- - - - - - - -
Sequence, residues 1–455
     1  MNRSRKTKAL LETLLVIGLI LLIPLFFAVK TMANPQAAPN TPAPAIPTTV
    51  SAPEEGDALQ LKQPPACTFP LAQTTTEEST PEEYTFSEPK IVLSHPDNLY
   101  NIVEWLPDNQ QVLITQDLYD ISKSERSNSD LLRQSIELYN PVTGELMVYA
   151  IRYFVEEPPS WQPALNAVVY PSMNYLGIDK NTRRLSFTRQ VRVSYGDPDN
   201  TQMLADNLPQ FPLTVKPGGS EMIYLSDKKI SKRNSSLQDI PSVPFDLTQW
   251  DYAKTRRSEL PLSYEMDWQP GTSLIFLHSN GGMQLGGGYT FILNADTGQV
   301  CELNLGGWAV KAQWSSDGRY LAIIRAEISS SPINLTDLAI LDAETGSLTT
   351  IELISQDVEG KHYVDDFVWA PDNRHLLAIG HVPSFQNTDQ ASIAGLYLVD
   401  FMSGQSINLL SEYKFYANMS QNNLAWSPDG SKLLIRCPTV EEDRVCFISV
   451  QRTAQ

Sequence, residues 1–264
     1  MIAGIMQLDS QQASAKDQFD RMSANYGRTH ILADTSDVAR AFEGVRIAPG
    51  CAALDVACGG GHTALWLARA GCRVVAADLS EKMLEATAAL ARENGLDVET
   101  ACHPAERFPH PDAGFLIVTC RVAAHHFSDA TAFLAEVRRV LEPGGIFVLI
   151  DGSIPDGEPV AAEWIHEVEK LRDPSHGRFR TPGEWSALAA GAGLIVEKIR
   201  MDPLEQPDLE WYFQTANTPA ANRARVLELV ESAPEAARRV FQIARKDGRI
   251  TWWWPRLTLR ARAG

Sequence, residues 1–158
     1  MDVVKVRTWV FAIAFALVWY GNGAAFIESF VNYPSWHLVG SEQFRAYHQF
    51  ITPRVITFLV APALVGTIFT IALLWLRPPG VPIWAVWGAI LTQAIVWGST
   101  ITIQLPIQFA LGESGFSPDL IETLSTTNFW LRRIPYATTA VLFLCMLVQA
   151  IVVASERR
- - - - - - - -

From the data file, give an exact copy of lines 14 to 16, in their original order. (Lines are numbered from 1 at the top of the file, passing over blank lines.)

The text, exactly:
    51  CAALDVACGG GHTALWLARA GCRVVAADLS EKMLEATAAL ARENGLDVET
   101  ACHPAERFPH PDAGFLIVTC RVAAHHFSDA TAFLAEVRRV LEPGGIFVLI
   151  DGSIPDGEPV AAEWIHEVEK LRDPSHGRFR TPGEWSALAA GAGLIVEKIR